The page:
Refinish a Wood Hot Tub Cabinet

4313831500_83bc54c2dc_zSome of the most beautiful (and costly) hot tubs are made with a real cedar surround. The wood is beautiful and its oils naturally resist insects and moisture. However, constaexposure to the sun can dry it out and cause the wood to lose some color and natural ability to resist rotting. For that reason, most modern hot tub cabinets are made with a plastic composite or synthetic wood because it is virtually maintenance free.

If you do have a cedar surrounded spa that has begun to lose its color and is showing some serious wear and tear, don’t fret! It’s not that difficult to refinish a wood hot tub cabinet and cedar is easy to bring back to life. You’ll need a few supplies, a weekend full of sunshine, and a few hours of your time.

14 Easy Steps

1) Pick a weekend when you’re not expected to have any rotten weather. The whole process is contingent on having time to let the wood dry between coats.

2) Prep the area, whether your hot tub is inside or outside, by laying down a drop cloth around the area of the hot tub. This is especially important if your hot tub sits on a deck where any falling paint/stain/bleach could drip and leave residue on your deck. It could even stain a cement pad if not washed immediately.

NOTE: if you’re inside, make sure the room is well ventilated.

3) Get extra thick painter’s tape and use it to section off any acrylic or fixtures you want protected. Remove the cover and set it somewhere it won’t get damaged during the project. This is a good project to conduct if you have recently drained your hot tub for a normal cleaning.

4) Prep the wood by mixing ½ cup of bleach in a gallon of warm water. While wearing heavy duty gloves, a mask, and clothes you don’t mind getting sullied, use a rag to wipe the wood down with the bleach solution. Wash it off with a hose after finishing, careful not to wash it into the flower beds or furniture. Let the wood dry completely before going on to the next step.

5) Next, you’ll want to sand the bleached wood with sandpaper or a small handheld sander to remove any remaining stain, dings, dents, splinters, and other wood roughness. Go over the surface first with a lower grit sandpaper (60-80). Go over the surface a second time with a higher grit paper (120+ or higher). Wear your mask and do this job meticulously—don’t rush!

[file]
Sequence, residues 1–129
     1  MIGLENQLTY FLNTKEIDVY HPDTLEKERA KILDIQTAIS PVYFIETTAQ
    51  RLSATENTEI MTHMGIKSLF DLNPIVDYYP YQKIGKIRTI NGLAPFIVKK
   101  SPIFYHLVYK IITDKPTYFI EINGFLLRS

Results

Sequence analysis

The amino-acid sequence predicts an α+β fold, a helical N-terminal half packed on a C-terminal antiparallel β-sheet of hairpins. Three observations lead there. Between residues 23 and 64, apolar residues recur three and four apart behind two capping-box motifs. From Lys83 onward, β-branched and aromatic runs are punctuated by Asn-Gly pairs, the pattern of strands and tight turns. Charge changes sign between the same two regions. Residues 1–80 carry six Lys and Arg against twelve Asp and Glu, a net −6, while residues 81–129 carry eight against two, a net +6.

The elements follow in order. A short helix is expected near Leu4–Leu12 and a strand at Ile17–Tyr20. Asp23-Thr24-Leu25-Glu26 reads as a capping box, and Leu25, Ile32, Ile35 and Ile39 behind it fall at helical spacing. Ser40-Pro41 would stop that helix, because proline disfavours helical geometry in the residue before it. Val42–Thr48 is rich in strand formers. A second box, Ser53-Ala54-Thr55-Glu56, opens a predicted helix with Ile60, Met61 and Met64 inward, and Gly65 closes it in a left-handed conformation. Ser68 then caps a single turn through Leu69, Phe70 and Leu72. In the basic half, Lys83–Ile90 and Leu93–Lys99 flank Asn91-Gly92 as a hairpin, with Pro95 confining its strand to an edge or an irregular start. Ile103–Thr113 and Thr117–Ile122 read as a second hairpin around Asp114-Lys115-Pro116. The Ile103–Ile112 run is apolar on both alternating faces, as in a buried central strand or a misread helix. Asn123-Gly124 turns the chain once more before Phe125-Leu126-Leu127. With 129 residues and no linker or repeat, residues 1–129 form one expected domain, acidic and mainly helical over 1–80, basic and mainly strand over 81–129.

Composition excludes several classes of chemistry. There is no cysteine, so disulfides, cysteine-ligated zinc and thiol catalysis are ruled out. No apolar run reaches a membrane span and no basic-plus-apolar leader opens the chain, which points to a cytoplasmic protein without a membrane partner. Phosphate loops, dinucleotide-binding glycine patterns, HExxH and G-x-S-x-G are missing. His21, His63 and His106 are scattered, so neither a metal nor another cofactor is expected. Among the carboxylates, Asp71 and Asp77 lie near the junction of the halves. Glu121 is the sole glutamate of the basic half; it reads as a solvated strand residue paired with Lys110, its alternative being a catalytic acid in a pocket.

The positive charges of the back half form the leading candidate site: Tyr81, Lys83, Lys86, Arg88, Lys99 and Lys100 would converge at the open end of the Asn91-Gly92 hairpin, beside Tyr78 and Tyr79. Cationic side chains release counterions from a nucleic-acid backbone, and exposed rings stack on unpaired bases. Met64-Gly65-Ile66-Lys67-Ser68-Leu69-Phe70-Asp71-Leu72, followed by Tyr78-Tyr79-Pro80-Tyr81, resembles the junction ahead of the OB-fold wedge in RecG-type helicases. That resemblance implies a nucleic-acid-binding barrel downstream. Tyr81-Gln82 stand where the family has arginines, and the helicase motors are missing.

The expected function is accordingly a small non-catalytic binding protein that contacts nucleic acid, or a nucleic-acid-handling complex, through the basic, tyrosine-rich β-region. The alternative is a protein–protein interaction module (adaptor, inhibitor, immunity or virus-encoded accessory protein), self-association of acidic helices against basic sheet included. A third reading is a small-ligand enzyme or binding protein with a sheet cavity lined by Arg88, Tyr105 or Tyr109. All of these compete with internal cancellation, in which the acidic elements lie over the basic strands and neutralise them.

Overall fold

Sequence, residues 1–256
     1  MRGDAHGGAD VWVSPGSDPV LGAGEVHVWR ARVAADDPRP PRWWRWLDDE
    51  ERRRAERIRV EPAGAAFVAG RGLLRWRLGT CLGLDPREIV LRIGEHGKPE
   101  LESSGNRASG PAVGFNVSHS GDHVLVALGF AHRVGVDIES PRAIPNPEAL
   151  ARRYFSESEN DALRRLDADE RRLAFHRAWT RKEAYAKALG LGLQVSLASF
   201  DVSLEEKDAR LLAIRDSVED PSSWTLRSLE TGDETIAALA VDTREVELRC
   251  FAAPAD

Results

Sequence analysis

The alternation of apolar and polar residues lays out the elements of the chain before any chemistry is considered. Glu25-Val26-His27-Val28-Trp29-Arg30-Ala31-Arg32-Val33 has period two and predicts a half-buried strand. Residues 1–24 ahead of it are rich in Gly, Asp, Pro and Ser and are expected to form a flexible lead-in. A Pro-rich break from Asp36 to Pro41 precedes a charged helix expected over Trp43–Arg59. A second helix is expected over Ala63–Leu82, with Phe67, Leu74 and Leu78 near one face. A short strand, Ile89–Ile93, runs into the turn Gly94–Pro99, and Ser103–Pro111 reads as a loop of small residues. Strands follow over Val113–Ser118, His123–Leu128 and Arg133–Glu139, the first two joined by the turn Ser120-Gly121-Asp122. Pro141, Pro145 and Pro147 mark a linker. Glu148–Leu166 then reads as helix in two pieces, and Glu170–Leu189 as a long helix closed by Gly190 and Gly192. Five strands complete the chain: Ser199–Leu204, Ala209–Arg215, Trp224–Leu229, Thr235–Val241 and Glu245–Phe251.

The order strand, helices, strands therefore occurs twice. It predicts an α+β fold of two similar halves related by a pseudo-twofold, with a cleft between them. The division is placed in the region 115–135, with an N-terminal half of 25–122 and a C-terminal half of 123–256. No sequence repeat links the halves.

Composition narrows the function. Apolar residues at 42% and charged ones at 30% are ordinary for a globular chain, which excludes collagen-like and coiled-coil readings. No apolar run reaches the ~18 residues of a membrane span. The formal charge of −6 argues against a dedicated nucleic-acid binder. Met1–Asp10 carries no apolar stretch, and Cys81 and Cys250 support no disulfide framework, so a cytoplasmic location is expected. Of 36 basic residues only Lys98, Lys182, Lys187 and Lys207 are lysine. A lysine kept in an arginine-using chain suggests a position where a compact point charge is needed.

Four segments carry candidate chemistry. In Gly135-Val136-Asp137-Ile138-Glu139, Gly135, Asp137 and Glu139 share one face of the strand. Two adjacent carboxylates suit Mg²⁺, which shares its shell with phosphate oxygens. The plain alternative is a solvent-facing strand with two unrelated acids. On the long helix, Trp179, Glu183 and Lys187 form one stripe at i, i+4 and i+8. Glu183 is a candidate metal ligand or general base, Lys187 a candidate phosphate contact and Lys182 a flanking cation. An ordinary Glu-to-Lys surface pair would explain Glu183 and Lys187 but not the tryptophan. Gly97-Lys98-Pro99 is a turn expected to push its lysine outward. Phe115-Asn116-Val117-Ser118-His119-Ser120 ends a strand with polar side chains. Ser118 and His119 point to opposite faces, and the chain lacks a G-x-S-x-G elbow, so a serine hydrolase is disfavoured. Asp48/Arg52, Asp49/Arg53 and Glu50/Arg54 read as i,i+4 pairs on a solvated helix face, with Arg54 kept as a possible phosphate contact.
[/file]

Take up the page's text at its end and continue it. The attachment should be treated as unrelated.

6) After sanding, vacuum the cedar with a shop vac to get rid of any remaining dust or debris. Wipe down with a tack cloth or rinse again with the hose. Let dry completely before preceding to the next step.

7) You have a few options when it comes to coloring/resealing the wood on your hot tub cabinet. You can go with a traditional wood stain or use boiled linseed oil* mixed with turpentine (which enhances absorption and speeds drying time). This combo is half the price of wood stains and gives it a natural look. If you’re looking for a specific look or deep color, go with stain.

8) Once you’ve made your choice, put on your gloves and clothes you’re okay with getting dirty and get mixing. If you’re using a stain, shake the can according to the directions. You can put it in an easier to access container or use the stain just from the can.

9) If you’re using the linseed oil and turpentine, use a large measuring cup and mix 2/3rds cup boiled linseed oil with 1/3 cup of turpentine (a 2:1 ratio) and stir slowly.

10) Dip a lint-free rag or a quality brush into your linseed/turpentine mixture and rub with the grain of the wood. Allow it to completely dry between coats—it may take 2-4 rounds to get the color you want. After your final layer, wait 24 hours and wipe down everything with tack cloth or a lint-free rag to get rid of any excess oil or stain. If you stain the cabinet, wipe it on with a rag, let sit for a minute or so, then wipe off with a CLEAN rag.

11) If you’ve stained the wood, put on 1-2 coats of exterior polyurethane before finishing. Paint it on with a good paint brush, let it dry completely, and sand lightly with extra fine sandpaper. Remove dust with a tack cloth and then apply a second coat. Let dry completely and make sure it’s cured entirely before using your tub.

12)To protect your cabinet in the future, the first step is to keep your water properly balanced, especially by keeping a close eye on calcium hardness. One of the most detrimental elements to cedar are calcium deposits from the water. Make sure you take care of these deposits if they occur and keep water balanced in the process.

13) Clean up any chemical or product spills that may occur during use.

14) Reseal with poly every 3-6 months.
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